Except for one teeny-weeny minor point here, Apple uses stainless steel for the frame of the iPhone X (the iPhone 8 is Al7000) - a point that is easy enough to check unless you are after cheap hits. Joe Rossingnol, MacRumors describes this: "A surgical-grade stainless steel band wraps around the edges of the iPhone X. It is an Apple-designed alloy."
Dropped wrongly, the iPhone X screen will break as will any device with a glass screen and there is nothing anyone can do about that, apart from sealing it in military grade protection devices.
Dilger takes this up, criticizing Jesus Diaz, who was mainly famous for the stolen iPhone 4 that Gizmodo refused to hand over. What the police report says about "animosity" and being "like 15-year-old children" may help to illustrate why he is still digging in the same hole, like Joanna Stern whom Dilger also criticizes.
Diaz also managed to stir The Macalope who takes this apart in a seemingly gentler way, but the humour makes it no less effective.
In perfect timing, and as a form of contradiction to these purely negative commentators, Daniel Bader over at Android Central has a good look at the iPhone X and although I do not agree with all of the points he makes, these are written in a purely objective fashion. This is not an Android only piece; nor is it at all anti-Apple, but is a good analysis of the new device, clearly stating what is good and where he prefers the Android (or specific handset) solution.
There are two key words there: predicted (I do not trust these pundits at all); and "worldwide" because so often the early comments only ever refer to sales of the devices in the US market, which is close to 30% of Apple's whole.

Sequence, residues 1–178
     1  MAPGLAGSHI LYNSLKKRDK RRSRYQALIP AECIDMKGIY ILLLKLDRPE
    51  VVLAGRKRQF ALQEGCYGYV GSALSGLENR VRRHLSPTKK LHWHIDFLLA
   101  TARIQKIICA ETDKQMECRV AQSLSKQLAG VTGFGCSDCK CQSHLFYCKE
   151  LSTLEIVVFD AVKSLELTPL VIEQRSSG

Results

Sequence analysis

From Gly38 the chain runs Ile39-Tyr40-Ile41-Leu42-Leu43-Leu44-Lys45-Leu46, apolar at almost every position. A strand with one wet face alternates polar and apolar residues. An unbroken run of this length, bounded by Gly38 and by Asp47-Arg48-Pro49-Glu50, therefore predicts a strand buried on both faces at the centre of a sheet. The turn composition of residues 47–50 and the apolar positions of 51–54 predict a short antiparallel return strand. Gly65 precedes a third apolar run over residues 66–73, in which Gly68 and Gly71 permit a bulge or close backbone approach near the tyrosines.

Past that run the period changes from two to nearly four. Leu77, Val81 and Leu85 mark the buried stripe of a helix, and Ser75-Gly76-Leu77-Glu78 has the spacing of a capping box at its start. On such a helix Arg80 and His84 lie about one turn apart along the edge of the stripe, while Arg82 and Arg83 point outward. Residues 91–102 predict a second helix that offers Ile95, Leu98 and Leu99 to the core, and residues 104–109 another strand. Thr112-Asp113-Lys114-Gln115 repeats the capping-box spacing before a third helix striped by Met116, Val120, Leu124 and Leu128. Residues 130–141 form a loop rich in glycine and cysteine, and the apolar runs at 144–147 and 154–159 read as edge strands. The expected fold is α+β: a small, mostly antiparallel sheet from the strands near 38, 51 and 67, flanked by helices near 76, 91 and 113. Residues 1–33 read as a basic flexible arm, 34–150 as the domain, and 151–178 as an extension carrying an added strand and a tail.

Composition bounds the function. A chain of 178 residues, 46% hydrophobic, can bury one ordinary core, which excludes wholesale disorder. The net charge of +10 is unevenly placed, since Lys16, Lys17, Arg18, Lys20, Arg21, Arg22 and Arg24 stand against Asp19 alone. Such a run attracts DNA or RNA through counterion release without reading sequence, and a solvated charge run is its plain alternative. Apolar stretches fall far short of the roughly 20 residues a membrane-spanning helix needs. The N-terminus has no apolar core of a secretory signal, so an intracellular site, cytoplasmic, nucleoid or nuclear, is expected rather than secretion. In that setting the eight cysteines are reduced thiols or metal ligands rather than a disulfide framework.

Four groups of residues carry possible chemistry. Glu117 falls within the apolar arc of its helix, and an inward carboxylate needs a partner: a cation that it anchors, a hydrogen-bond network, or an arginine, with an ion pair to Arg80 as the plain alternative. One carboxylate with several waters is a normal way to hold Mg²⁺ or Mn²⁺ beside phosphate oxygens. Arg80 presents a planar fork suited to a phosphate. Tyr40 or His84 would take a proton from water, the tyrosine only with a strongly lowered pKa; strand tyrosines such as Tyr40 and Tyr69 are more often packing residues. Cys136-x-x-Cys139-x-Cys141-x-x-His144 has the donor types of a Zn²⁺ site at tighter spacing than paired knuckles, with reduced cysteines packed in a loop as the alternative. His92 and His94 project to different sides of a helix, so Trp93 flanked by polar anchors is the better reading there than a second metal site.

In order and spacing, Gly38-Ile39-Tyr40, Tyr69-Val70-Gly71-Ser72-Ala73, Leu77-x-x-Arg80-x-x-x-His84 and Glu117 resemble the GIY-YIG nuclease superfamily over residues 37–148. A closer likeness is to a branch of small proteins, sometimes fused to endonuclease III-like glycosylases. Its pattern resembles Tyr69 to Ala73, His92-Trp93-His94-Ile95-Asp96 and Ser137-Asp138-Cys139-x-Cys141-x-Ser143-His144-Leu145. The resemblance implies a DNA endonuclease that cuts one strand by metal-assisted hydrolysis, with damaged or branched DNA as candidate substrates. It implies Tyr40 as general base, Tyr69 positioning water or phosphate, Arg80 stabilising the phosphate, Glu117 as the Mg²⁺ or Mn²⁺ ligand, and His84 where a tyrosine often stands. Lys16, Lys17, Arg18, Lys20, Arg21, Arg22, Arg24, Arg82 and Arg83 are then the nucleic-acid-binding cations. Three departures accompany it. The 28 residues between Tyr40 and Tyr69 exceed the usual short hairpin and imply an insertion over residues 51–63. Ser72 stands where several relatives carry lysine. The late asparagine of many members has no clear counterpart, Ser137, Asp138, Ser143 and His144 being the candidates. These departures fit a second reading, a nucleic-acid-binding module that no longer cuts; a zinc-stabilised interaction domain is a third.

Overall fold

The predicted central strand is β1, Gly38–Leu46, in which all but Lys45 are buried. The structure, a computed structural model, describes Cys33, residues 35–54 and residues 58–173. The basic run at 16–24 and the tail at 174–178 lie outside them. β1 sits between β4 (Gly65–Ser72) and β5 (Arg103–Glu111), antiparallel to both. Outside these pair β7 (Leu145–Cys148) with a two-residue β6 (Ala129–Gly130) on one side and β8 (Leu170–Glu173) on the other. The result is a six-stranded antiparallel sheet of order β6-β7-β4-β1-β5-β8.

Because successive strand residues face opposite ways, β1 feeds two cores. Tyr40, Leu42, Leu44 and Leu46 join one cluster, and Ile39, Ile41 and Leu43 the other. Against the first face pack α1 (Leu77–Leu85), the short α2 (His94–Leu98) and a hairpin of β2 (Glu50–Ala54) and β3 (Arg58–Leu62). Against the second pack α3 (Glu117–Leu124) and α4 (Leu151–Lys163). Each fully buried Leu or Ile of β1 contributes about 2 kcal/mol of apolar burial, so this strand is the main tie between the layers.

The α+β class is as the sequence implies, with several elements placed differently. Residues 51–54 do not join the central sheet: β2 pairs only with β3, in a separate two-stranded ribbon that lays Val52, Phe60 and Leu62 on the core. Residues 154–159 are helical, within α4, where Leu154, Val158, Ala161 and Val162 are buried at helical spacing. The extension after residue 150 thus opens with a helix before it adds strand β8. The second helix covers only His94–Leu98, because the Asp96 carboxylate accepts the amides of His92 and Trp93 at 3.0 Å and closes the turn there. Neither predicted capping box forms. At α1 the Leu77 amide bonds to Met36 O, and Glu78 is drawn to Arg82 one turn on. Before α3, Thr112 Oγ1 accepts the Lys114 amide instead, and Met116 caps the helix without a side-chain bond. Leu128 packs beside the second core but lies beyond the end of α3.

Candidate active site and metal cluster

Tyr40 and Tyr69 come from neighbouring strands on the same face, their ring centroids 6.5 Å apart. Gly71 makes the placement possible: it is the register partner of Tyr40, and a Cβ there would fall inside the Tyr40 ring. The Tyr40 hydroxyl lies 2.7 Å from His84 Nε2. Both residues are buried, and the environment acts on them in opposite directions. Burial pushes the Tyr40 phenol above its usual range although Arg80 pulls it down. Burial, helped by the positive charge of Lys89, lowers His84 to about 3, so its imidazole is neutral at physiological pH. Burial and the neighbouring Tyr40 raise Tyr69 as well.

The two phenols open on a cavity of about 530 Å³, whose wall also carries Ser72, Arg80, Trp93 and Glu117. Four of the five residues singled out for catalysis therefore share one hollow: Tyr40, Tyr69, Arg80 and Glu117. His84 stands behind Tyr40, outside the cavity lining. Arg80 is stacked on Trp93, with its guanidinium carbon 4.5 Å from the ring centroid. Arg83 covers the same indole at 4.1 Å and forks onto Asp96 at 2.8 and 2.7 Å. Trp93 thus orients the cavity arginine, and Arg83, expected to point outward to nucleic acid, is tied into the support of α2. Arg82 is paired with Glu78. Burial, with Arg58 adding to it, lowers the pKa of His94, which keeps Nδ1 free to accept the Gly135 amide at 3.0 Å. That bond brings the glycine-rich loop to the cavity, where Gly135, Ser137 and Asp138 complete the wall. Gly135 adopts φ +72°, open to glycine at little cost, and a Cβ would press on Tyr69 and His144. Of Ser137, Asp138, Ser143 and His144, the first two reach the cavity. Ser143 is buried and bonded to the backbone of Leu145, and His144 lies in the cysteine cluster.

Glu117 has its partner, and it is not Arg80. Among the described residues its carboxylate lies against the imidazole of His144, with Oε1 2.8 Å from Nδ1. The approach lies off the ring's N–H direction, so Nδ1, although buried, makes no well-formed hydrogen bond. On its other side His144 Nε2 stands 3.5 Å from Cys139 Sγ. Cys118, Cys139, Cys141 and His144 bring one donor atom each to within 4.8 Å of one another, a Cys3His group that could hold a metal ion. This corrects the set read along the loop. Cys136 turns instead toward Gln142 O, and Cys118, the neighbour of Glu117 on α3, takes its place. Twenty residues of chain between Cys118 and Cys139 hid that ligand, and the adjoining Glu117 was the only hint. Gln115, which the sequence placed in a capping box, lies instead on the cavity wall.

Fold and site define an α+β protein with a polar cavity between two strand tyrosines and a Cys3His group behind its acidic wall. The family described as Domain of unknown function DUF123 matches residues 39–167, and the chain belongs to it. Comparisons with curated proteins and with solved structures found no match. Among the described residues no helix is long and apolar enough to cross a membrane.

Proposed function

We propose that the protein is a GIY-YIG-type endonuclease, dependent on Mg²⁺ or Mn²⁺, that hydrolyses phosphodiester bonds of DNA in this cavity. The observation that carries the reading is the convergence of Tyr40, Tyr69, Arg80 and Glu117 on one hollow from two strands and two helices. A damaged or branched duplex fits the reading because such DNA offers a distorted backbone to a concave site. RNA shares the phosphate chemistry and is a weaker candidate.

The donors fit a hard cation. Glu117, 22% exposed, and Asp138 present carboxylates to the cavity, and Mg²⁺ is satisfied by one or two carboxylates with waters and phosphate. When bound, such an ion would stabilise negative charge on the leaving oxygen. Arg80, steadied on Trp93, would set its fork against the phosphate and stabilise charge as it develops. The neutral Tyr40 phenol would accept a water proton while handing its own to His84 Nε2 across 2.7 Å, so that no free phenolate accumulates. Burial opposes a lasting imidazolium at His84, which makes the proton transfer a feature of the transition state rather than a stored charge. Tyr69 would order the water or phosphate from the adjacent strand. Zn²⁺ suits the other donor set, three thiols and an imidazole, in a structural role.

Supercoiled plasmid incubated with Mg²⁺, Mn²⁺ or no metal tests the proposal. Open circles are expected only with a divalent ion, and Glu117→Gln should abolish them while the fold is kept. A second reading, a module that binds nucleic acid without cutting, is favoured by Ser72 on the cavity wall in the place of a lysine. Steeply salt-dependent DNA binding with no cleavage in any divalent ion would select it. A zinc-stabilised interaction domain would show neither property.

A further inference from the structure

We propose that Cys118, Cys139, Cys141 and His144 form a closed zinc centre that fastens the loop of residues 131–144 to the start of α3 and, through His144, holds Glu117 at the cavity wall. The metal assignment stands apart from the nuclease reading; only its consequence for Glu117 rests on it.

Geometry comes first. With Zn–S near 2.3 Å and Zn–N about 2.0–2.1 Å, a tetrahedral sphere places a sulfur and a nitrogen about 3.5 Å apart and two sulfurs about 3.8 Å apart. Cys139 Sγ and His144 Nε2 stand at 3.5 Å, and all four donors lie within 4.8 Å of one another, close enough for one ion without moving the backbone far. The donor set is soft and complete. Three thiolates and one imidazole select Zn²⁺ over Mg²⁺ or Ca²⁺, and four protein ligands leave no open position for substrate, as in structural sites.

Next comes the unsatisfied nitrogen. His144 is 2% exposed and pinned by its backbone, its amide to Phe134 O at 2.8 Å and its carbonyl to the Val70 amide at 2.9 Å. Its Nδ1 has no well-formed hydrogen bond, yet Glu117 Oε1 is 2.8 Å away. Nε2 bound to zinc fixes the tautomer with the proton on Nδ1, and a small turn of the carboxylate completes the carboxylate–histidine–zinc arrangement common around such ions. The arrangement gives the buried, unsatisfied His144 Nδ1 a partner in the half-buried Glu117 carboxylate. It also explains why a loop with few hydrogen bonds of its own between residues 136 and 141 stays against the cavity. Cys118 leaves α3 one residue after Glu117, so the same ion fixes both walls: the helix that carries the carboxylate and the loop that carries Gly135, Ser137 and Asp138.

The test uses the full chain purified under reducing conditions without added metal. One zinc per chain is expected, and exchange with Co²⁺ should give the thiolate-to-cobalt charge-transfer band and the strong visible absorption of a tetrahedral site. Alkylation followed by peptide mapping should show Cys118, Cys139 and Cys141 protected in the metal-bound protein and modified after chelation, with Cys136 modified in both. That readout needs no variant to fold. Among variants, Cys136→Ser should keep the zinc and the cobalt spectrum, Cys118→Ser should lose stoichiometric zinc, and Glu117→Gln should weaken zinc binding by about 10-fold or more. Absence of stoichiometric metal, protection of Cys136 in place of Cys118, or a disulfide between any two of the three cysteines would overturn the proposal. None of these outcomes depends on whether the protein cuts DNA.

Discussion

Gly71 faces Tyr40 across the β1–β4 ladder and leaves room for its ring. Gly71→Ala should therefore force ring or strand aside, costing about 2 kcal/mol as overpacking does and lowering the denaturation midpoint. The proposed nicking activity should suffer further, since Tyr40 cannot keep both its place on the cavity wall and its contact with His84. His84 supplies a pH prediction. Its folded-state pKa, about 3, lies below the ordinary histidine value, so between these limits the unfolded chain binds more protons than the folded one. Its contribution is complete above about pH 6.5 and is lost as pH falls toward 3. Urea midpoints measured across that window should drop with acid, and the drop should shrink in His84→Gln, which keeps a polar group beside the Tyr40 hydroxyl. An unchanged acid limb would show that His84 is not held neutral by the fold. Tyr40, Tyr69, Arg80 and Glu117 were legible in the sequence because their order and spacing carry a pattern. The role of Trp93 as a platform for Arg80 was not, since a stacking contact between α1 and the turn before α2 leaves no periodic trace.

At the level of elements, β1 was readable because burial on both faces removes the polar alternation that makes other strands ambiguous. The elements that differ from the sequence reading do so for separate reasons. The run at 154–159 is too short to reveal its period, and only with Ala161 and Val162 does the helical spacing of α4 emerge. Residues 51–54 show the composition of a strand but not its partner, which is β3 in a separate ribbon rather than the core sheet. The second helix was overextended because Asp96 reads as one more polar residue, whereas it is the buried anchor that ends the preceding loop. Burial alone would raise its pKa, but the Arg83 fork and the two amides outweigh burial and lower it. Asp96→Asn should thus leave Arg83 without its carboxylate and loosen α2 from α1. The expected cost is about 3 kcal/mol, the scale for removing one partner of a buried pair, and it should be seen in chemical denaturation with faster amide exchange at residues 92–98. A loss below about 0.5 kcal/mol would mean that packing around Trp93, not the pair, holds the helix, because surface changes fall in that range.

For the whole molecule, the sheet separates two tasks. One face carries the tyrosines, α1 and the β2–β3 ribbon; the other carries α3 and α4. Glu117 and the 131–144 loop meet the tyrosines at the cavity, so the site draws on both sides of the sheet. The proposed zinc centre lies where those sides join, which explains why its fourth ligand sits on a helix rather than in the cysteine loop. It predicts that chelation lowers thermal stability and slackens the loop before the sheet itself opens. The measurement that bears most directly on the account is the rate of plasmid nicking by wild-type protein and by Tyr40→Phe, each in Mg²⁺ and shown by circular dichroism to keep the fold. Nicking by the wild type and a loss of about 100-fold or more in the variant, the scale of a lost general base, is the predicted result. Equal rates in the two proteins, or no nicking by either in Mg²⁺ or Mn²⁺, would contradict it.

This was the process for an Apple Watch 2 owner in Konkhaen recently who was refused a warranty replacement point blank: the screen separation was obviously the customer's fault. Apple Support were a little more helpful, but even armed with the note from Apple the Konkhaen agent was reluctant although did send it to Bangkok where a replacement was arranged.
During the short email thread on Tuesday I was told that I still have a number of readers in that part of the world. Phuket users invited me down the year before the Tsunami and I was part of a forum discussion on the early Macs and OS X. I really should write more, but this time of year is student writing time: project proposals for electrical engineers. These students need considerable guidance as the education system lets them down considerably. Poor high school rote learning - they forget right after the exams - and no chance at all to use any English (let alone writing) until they are faced with me and a refusal to accept translation.
We will be done in a couple of weeks and I can sharpen my quill again.
Graham K. Rogers teaches at the Faculty of Engineering, Mahidol University in Thailand. He wrote in the Bangkok Post, Database supplement on IT subjects. For the last seven years of Database he wrote a column on Apple and Macs. After 3 years writing a column in the Life supplement, he is now no longer associated with the Bangkok Post. He can be followed on Twitter (@extensions_th)